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purpose, and may be infinitely mischievous. No accommodation can be properly entered into by the Americans, while the bayonet is at their breasts. To have an agreement binding, all force should be withdrawn. The words sank deeply into the mind of Chatham, and he promised his utmost efforts to the American cause, as the last hope of liberty for England. I shall be well prepared, said he, to meet the ministry on the subject, for I think of nothing else both night and day. Like Chatham, Camden desired the settlement of the dispute upon the conditions proposed by con- Chap. XVII.} 1774. Dec. gress; and from the temper, coolness, and wisdom of most of the American assemblies, he augured the establishment of their rights on a durable agreement with the mother country. To unite every branch of the opposition in one line of policy, Chatham desired a cordial junction with the Rockingham whigs. That party had only two friends who spoke in the house of lords, and in the house of com
he boasted of having been one of the first to advise coercive measures. Shelburne gave his adhesion to the sentiments of Chatham, not from personal engagements, but solely on account of his conviction of their wisdom, justice, and propriety. Camden, who in the discussion surpassed every one but Chatham, returned to his old ground. This, he declared, I will say, not only as a statesman, politician, and philosopher, but as a common lawyer; my lords, you have no right to tax America; the natu Pitt, was the most forcible that can be imagined; in matter and manner far beyond what I can express; it must have an infinite effect without doors, the bar being crowded with Americans. The statesmanship of Chatham and the close reasoning of Camden, availed no more than the whistling of the winds; the motion was rejected by a vote of sixty-eight against eighteen; but the duke of Cumberland, one of the king's own brothers, was found in the minority. The king, triumphing in the very handsome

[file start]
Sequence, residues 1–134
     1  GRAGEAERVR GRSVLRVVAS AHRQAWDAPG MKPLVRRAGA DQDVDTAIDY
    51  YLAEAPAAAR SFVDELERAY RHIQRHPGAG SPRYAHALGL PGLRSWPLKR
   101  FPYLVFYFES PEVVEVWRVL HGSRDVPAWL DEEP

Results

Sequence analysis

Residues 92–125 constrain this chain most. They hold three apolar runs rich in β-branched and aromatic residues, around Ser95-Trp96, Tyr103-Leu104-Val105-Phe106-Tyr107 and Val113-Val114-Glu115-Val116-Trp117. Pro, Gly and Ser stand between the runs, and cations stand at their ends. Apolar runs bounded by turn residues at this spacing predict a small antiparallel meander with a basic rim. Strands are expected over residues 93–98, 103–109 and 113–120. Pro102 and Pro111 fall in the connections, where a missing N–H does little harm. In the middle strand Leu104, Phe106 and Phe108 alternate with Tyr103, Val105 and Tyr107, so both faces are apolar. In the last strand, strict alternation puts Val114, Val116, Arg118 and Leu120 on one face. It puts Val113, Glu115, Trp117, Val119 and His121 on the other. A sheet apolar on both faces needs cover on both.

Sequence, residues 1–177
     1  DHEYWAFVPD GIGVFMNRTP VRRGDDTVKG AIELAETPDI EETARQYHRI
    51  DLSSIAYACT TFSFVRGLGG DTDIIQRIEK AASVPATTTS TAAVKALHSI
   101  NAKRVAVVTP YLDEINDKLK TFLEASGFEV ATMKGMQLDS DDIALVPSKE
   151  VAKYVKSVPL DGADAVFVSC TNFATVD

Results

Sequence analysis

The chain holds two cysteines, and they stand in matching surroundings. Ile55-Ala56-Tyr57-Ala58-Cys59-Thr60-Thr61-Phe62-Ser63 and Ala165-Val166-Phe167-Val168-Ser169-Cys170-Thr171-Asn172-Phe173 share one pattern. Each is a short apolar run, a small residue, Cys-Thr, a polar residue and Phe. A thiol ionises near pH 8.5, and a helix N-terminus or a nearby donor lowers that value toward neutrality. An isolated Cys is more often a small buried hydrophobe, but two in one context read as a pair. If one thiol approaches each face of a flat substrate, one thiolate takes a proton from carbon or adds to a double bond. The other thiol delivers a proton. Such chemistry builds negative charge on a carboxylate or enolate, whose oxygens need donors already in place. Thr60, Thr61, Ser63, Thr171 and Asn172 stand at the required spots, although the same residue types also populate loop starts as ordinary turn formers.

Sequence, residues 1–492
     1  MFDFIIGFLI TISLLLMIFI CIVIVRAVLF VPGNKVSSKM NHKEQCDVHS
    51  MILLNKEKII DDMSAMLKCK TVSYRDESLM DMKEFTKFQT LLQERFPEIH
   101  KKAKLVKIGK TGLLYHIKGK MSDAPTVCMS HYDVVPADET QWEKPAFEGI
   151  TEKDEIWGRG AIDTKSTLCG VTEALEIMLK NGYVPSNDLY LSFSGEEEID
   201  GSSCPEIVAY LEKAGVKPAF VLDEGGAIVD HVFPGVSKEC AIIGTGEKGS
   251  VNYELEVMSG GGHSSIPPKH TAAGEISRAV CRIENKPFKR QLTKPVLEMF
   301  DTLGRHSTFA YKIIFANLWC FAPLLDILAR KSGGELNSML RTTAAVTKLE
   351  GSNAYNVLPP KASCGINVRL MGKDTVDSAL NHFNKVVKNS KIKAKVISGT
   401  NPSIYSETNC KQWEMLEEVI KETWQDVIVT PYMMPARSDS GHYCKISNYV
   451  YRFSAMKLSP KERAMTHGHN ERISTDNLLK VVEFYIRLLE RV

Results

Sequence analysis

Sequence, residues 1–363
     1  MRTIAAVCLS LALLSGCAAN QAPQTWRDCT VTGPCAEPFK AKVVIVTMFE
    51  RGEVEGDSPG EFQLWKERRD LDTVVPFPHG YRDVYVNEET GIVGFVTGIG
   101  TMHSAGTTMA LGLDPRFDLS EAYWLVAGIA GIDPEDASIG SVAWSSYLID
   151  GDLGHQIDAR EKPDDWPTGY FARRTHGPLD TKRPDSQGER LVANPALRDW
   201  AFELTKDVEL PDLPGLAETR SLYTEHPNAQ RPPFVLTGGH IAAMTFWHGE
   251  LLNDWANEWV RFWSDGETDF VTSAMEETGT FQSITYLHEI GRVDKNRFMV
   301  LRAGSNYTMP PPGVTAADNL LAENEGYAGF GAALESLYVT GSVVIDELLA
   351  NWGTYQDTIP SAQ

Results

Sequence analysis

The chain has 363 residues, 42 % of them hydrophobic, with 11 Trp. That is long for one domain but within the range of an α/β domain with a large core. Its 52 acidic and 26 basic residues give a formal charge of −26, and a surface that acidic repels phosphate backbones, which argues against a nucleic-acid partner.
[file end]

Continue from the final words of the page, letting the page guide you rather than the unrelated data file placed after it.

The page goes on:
ro, slave and master in the green wood, for counsel on divine love and the full assurance of grace; and would carry their consolation, and songs, and prayers to the furthest cabins in the wilderness. To the gladdest of glad tidings for the political regeneration of the world, Wesley listened with timid trembling, as to the fearful bursting of the floodgates of revolution; and he knew not, that God was doing a work, which should lead the nations of the earth to joy. In the house of lords, Camden, on the sixteenth Mar. 16. of March, took the occasion of the motion to commit the bill depriving New England of the fisheries, to reply not to ministers only, but to their pensioned apologist, in a speech which was admired in England, and gained applause of Vergennes. He justified the union of the Americans, and refuted the suggestion that New York was or could be detached from it. By the extent of America, the numbers of its people, their solid, firm, and indissoluble agreement Chap. X